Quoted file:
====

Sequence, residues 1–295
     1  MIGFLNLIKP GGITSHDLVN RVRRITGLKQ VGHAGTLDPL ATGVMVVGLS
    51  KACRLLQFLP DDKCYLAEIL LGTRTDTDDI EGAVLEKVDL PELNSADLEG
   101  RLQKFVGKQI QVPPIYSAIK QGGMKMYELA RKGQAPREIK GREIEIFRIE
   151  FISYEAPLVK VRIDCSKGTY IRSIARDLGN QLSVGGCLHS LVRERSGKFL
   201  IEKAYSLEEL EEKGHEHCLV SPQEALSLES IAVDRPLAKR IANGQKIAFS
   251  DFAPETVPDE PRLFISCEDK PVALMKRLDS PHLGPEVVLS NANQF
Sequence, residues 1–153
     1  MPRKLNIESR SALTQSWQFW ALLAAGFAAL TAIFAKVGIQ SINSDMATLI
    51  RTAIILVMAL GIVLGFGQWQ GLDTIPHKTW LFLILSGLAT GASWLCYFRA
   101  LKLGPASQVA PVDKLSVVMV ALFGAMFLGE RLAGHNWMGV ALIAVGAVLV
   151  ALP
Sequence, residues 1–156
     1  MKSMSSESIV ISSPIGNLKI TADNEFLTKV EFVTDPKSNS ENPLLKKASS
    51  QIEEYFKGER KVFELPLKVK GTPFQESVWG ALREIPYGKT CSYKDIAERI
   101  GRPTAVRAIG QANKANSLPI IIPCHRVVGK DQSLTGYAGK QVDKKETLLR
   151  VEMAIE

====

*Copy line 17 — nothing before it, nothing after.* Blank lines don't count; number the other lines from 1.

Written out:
   151  VEMAIE